[ROVERNET - UK] 1951 Rover P4 Cyclops
Hank and Sally Manwell
hdmanwell at alumni.bates.edu
Tue Jul 11 15:08:19 BST 2006
Yes, the freewheel has some scary features - and an added one for absent
minded people (like me). I remember seeing a brand new SAAB w/freewheel
that had been out on a test drive from the dealer in Salida, Colorado. It
was driven to the top of Monarch Pass, 11,000 or so feet, and parked at the
observation center - and left in gear. As soon as the driver walked away
from it, it rolled off the edge and found a tree a few hundred feet down the
mountain and hit dead center condensing the grill into the dashboard.
With that memory I was never willing to use the freewheel either in my SAAB
or the various Freewheeling Rovers we had. I ran down the street as fast as
I could once to catch my Father's Rover 90 after my wife left it only in
gear at the curb in front of the house.
We do have a lot of P4 parts around here in Central New York including doors
with trim (same as cyclops, I think) and hoods (which I think are somewhat
different in the front than 1952 and later cars.
And we've got a solid 1960 100 project car that's up for grabs.
----- Original Message -----
From: "S Manwell" <s_manwell at alum.swarthmore.edu>
To: "Steve Smith" <ltsmiths at peoplepc.com>; <rovernet at lyris.ccdata.com>
Sent: Monday, July 10, 2006 11:10 PM
Subject: Re: [ROVERNET - UK] 1951 Rover P4 Cyclops
> One feature of the freewheel is quite "memorable" to me...
> I found myself headed down a long hill in the 1953 P4 75 that I had over
> 20 years ago with freewheel engaged and a stop sign and crossroad at the
> bottom of the hill. The drum brakes had faded by the bottom of hill and
> it was fortunate that the road I was on merged into the road at the bottom
> (rather than meeting at right angles) and that there wasn't much traffic
> The moral of the story is that the same feature that lets the car coast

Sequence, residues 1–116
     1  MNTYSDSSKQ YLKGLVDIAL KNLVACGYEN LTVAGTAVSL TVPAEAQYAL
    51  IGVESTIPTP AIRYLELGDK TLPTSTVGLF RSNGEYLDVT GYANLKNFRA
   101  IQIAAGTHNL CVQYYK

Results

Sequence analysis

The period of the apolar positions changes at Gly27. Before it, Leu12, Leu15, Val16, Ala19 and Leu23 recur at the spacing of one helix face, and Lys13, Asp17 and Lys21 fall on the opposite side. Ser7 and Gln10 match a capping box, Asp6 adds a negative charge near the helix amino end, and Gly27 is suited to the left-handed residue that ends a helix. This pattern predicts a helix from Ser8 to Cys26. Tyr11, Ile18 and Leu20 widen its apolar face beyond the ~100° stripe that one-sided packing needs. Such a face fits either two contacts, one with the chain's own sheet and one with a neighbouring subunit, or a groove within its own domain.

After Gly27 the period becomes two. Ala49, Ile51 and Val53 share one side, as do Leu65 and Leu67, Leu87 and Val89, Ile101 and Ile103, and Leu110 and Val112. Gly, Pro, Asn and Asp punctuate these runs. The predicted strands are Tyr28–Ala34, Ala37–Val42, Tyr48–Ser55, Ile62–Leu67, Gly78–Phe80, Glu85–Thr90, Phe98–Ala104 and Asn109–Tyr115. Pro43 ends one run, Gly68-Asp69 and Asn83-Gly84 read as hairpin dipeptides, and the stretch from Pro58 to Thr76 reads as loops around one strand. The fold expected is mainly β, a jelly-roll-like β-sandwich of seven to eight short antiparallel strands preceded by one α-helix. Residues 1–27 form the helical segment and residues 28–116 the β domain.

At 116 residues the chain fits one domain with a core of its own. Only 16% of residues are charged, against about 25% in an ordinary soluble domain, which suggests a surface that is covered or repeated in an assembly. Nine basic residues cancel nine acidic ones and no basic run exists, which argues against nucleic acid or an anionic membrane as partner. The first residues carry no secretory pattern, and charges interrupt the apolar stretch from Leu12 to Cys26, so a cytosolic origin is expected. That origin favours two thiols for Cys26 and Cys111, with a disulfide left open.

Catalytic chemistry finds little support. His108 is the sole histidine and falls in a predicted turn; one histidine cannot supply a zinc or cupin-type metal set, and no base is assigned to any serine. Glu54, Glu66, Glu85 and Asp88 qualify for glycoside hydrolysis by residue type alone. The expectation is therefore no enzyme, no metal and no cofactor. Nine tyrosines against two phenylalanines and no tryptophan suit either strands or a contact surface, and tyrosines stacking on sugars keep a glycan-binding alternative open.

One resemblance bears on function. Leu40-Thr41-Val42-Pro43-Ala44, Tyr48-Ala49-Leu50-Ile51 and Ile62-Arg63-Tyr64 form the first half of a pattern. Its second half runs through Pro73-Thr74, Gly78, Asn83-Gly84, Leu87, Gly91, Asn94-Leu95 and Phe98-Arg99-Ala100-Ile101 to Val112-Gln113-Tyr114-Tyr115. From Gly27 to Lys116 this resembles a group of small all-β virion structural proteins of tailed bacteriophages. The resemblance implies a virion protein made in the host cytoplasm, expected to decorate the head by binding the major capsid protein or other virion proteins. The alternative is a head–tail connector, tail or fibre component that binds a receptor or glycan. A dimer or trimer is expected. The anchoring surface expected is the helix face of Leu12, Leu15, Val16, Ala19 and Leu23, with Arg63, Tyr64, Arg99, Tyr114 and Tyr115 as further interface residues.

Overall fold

> downhill with the engine at idle also gives no engine braking on a steep
> downhill. In the wrong circumstances its dangerous, but the clutchless up
> shifts are fun and its economical and quieter to let the engine rev's die
> down to idle on a long drive with gentle downhill stretches along the way.
> Similarly, its not a good idea to leave a Rover parked in freewheel with
> its nose aimed downhill -- my father has a story related to this.
> There are only one or two restored Cyclops' (what's the plural?) in North
> America, but its hard to say what the restored value would be. There are
> probably at least another five to ten un-restored Cyclops in North America
> including a pretty complete parts car in Maine. New parts are readily
> available from England and there are a few collections of used early P4
> parts on this side of the Atlantic too. I have some mid '50's parts and
> some are useable on early '50's cars.
> James Taylor's book "Classic Rovers 1945 - 1986" says that 2,542 LHD
> export P4's were made in 1951 and does not show separate export numbers
> for 1950. I don't know what proportion would have come to the US market;
> maybe one of the P4 books has more specific info.
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